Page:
Figure 3

pressure operated , Figure 4 , fluid-operated, and Figure 5 , throttling valve).

Figure 4

The casing pressure-operated valve (also called a pressure valve) requires a buildup in casing pressure to open and a reduction in casing pressure to close.

Figure 5

Fluid-operated valves require a buildup in tubing pressure to open and a reduction in tubing pressure to close. A throttling pressure valve is sensitive to tubing pressure in the open position, and once opened by casing pressure buildup, requires a reduction in tubing or casing pressure to close. For a specific gas-lift design, the valves will be located at appropriate intervals in the tubing string. The type of valve and its location will depend on the expected flow characteristics of the well over its lifetime, whether continuous or intermittent gas lift is to be used, and whether the upper valves are to be used for simply unloading the fluid in the annulus or for multipoint injection. Conventional gas-lift valves are attached to gas-lift mandrels and wireline retrievable gaslift valves are set in side-pocket mandrels ( Figure 6 , (a) conventional, (b) wireline retrievable ).

Figure 6

For conventional valves to be changed or serviced, the entire tubing string must be pulled, while retrievable valves can be latched and set through tubing with a wireline unit.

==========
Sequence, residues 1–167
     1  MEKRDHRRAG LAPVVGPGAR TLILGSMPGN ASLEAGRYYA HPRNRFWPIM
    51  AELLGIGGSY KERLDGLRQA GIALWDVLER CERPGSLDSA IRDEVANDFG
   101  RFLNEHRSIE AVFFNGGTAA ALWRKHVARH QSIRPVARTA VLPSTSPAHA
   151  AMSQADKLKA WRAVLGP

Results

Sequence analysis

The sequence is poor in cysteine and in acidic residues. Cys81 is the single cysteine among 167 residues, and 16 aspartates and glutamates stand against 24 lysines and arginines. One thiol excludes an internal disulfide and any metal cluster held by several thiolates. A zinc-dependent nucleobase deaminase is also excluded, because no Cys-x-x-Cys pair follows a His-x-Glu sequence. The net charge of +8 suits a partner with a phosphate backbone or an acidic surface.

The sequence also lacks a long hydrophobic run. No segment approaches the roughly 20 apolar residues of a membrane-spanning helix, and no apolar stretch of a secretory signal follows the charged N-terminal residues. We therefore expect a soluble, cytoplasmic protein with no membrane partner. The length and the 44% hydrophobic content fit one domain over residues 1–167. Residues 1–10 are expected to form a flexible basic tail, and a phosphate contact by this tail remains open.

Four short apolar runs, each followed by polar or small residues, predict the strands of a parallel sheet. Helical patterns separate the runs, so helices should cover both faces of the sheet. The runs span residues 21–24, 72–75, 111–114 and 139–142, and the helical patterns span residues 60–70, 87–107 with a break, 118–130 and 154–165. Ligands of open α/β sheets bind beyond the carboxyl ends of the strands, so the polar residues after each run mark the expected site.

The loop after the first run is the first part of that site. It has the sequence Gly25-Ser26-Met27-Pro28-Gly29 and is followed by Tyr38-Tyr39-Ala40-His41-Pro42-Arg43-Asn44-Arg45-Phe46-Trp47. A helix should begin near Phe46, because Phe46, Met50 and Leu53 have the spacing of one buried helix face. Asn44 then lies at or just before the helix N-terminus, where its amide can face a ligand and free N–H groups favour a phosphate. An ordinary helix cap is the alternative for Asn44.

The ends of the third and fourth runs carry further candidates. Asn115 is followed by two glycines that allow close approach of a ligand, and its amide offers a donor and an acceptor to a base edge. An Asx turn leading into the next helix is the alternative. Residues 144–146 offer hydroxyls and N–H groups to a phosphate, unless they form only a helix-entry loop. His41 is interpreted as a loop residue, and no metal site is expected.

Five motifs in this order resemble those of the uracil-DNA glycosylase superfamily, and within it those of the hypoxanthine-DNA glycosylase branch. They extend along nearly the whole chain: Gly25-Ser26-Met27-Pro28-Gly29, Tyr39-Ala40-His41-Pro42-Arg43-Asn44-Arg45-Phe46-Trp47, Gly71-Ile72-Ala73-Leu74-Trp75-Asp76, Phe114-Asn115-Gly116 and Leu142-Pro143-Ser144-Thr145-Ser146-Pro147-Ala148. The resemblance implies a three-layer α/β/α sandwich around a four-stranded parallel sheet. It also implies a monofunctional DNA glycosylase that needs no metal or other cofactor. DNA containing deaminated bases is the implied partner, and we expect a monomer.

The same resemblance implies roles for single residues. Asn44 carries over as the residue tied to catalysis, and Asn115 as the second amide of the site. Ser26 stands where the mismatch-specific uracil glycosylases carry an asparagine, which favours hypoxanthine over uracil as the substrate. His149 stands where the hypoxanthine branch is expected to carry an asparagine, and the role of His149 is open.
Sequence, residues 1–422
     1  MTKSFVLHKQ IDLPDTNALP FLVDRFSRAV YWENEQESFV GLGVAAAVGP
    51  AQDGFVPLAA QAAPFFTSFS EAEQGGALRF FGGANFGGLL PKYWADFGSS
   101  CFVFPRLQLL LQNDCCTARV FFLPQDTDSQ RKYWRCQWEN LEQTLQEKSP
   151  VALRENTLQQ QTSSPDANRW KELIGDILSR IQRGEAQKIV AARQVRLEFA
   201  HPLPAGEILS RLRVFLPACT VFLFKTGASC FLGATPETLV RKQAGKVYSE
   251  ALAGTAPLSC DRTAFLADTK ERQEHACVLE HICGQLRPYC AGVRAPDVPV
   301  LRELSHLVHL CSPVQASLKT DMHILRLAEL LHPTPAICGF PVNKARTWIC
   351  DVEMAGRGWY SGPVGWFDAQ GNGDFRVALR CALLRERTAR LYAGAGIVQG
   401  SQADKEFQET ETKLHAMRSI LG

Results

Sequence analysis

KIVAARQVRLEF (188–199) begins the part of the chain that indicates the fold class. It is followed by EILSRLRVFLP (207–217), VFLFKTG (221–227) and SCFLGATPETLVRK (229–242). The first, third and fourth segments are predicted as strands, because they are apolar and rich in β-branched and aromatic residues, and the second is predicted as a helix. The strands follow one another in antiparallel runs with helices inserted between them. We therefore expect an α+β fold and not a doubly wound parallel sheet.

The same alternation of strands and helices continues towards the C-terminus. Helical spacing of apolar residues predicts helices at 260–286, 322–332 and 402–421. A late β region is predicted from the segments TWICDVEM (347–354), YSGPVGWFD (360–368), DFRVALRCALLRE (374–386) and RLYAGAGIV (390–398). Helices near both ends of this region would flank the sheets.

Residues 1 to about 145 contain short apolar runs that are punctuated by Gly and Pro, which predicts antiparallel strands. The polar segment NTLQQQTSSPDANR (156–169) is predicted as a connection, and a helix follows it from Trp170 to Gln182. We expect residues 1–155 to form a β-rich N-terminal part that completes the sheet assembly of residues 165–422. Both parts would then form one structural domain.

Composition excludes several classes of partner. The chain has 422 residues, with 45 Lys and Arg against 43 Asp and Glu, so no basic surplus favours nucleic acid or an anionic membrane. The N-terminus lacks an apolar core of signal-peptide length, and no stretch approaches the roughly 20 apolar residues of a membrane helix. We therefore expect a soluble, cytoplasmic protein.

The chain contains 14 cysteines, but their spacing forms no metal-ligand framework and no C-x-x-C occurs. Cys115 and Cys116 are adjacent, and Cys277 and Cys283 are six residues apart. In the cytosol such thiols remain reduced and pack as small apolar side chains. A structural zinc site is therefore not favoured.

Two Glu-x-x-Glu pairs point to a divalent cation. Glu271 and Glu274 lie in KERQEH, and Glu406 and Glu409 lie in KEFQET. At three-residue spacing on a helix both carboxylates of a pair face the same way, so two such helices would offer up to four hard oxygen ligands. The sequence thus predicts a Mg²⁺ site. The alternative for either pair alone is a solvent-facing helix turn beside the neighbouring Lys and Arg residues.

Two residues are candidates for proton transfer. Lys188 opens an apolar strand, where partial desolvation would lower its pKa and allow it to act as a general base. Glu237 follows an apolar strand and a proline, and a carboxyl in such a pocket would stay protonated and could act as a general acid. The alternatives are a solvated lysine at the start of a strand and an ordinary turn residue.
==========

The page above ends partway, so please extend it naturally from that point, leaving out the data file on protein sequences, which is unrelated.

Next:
Subsurface Pumping
Subsurface pumping can be achieved by various methods. The most common is sucker rod pumping, where the pumping motion is transmitted from the surface to the pump by means of a string of narrow jointed rods placed within the tubing. Rod pumping systems ( Figure 1 ) consist essentially of five components: the subsurface pump, which displaces the fluid at the bottom of the well and thereby reduces bottomhole pressure;

Figure 1

the rod string, which transmits power to the pump from the surface; the surface unit, which transfers rotating motion to a linear oscillation of the rod string; and, the gear reducer, which controls the speed of the motor or engine that is the prime mover. The subsurface pump ( Figure 2 ) is essentially a plunger and valve arrangement within a tube or barrel.

Figure 2

When the close-fitting plunger is lifted within the barrel, it creates a low-pressure region below the plunger, which is filled by fluid from the formation. Simultaneously, the plunger and rods lift fluid up the tubing. The valves are designed to open and close so that they allow fluids to enter the pump on the upstroke and be displaced above the traveling valve on the downstroke. The fluid above the traveling valve moves one full stroke upward on the upstroke. There is a wide variety of pumps designed for many different applications. The API (American Petroleum Institute) has designed a classification system using the criteria listed in Table 1 (below) : The different types of API pump designations are given in Figure 3 and Figure 4 .